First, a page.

The objective of this proposal is to develop a quantitative ultrasound technique (acoustic radiation force impulse) to noninvasively and objectively assess cervical stiffness/softness. A key benefit of our work is that development of a method to measure cervical stiffness/softness alone could have significant impact;cervical softness is a critical, yet subjective, measure made daily in an obstetrics clinic. Our goal is to use such a tool to build a comprehensive understanding of cervical microstructure and how it changes throughout normal and abnormal pregnancy. We anticipate that an enhanced understanding of cervical microstructural changes will lead to targeted investigation of specific remodeling processes in pregnancy that will promote understanding of cervical insufficiency. This in turn could guide the exploration of novel therapeutic strategies.

Public Health Relevance

This is a proposal to develop quantitative ultrasound technology using acoustic radiation force impulse (ARFI) tools in ex vivo hysterectomy specimens in order to ultimately image and objectively quantify in vivo cervical softening in pregnancy. Cervical softening occurs throughout normal pregnancy but morbidity may occur when the cervix is too soft too early (preterm delivery) or too firm too late (postterm delivery). Currently, we have only subjective assessment of this important parameter. That alone makes objective quantification of cervical softening clinically useful. Even more, cervical softening is related to cervical microstructural arrangement and thus strength. The proposed effort involves (a) determining the sensitivity of ultrasound to the changes in stiffness/softness of the human cervix, (b) testing ARFI in isotropic and anisotropic phantoms as well as ex vivo cervical tissue in order to establish parameters for transition to in vivo cervical scanning, and (c) confirming through second harmonic generation microscopy the cervical microstructural changes that are associated with our ultrasound measurements. Besides providing an objective measure of a clinically useful parameter, development of a tool to quantify cervical softening should also give insight into cervical structure and function, including the dysfunction that leads to preterm delivery.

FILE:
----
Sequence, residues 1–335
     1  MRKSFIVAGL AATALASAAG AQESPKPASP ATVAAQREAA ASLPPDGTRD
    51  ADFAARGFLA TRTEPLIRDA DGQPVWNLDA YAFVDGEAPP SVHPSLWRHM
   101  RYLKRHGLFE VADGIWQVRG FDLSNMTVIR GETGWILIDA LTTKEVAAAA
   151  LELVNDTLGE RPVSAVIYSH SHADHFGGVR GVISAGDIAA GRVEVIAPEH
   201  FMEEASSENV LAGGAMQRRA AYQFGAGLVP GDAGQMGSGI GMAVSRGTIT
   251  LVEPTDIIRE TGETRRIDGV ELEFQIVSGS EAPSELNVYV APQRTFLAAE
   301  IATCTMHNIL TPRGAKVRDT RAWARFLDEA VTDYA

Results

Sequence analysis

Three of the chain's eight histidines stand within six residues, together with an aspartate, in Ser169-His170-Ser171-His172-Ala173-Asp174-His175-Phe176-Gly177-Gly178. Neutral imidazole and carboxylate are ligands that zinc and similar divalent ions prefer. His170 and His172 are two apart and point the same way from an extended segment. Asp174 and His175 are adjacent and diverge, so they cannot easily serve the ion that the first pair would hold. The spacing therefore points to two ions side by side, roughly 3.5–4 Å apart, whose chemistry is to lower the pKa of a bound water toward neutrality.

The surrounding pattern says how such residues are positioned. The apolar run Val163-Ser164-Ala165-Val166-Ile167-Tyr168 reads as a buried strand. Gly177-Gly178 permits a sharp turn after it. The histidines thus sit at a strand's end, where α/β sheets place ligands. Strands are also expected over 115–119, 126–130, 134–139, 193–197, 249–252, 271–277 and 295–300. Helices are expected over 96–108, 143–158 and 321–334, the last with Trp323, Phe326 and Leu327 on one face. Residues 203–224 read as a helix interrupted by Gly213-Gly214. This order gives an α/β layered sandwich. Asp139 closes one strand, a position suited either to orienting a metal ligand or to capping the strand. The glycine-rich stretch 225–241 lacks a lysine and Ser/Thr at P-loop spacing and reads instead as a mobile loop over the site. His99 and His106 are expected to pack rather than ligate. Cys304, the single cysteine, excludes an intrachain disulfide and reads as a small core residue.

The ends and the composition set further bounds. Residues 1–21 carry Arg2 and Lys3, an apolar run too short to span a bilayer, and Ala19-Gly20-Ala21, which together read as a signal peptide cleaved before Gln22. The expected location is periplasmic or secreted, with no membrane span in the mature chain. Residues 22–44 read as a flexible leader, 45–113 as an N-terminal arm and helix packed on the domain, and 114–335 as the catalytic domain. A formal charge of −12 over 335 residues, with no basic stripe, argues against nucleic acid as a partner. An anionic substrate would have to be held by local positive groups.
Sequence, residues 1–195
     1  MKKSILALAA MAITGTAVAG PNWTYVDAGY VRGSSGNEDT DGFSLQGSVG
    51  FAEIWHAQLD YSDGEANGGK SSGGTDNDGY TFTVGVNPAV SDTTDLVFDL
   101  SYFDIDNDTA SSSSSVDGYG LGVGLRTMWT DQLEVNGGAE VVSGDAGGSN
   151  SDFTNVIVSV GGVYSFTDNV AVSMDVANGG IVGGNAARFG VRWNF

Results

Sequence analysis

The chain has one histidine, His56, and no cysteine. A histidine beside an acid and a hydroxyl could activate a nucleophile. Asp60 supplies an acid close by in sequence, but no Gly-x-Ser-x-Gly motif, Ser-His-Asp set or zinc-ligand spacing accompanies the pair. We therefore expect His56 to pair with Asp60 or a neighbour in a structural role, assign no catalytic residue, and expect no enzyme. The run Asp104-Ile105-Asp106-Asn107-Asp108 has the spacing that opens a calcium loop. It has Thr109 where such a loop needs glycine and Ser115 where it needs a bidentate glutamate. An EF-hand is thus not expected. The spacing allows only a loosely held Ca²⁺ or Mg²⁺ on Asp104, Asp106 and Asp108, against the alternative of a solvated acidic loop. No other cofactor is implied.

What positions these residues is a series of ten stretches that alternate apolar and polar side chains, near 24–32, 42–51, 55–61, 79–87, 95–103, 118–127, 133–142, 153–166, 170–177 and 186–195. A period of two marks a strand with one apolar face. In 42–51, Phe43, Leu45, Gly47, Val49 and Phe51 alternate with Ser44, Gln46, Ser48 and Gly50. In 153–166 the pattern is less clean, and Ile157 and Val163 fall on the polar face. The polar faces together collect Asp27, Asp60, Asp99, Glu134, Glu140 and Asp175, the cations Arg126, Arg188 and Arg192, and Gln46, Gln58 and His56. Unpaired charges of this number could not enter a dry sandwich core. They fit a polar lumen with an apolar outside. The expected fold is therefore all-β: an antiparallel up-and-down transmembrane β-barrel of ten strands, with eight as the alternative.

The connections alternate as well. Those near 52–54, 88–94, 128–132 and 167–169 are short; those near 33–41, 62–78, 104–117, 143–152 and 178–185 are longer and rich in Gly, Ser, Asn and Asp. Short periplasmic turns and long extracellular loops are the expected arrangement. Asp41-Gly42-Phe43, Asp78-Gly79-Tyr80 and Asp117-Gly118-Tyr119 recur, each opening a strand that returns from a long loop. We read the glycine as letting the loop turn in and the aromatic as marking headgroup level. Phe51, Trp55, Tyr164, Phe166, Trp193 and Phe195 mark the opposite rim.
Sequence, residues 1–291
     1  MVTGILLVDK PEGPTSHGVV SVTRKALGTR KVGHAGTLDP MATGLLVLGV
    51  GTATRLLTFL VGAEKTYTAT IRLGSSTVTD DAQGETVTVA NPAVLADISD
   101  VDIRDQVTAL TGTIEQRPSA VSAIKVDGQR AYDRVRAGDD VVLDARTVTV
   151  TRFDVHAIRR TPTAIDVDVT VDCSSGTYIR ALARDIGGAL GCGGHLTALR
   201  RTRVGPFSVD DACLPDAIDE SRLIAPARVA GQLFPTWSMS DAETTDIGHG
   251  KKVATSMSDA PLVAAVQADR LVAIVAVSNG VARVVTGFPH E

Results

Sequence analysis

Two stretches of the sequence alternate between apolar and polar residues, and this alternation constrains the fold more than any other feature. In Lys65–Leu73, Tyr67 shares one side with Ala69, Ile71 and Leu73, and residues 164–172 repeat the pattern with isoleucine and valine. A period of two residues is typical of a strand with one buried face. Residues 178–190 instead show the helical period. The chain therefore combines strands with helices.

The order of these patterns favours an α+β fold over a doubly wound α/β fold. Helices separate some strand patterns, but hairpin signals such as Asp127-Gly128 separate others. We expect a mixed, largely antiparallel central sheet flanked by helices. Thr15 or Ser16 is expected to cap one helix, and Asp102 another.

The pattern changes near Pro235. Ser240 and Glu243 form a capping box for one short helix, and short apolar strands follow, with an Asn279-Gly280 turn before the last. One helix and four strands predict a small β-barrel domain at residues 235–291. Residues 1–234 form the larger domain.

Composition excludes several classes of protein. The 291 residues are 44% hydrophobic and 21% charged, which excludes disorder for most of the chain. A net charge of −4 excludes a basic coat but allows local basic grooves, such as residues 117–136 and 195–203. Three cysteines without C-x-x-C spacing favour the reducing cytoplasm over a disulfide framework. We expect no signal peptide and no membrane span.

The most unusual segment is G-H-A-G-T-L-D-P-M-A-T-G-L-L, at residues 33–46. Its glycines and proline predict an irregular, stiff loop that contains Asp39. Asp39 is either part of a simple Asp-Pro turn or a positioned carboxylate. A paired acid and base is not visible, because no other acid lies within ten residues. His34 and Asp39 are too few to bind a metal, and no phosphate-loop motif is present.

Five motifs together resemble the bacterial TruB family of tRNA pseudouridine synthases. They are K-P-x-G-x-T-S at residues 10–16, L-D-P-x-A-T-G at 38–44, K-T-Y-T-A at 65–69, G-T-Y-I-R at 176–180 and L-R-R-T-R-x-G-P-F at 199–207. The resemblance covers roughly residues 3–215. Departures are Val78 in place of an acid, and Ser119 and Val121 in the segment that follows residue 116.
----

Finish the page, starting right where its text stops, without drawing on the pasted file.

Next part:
National Institute of Health (NIH)
Eunice Kennedy Shriver National Institute of Child Health & Human Development (NICHD)
Exploratory/Developmental Grants (R21)
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Special Emphasis Panel (ZRG1-SBIB-J (91))
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Reddy, Uma M
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University of Wisconsin Madison
Schools of Medicine
United States
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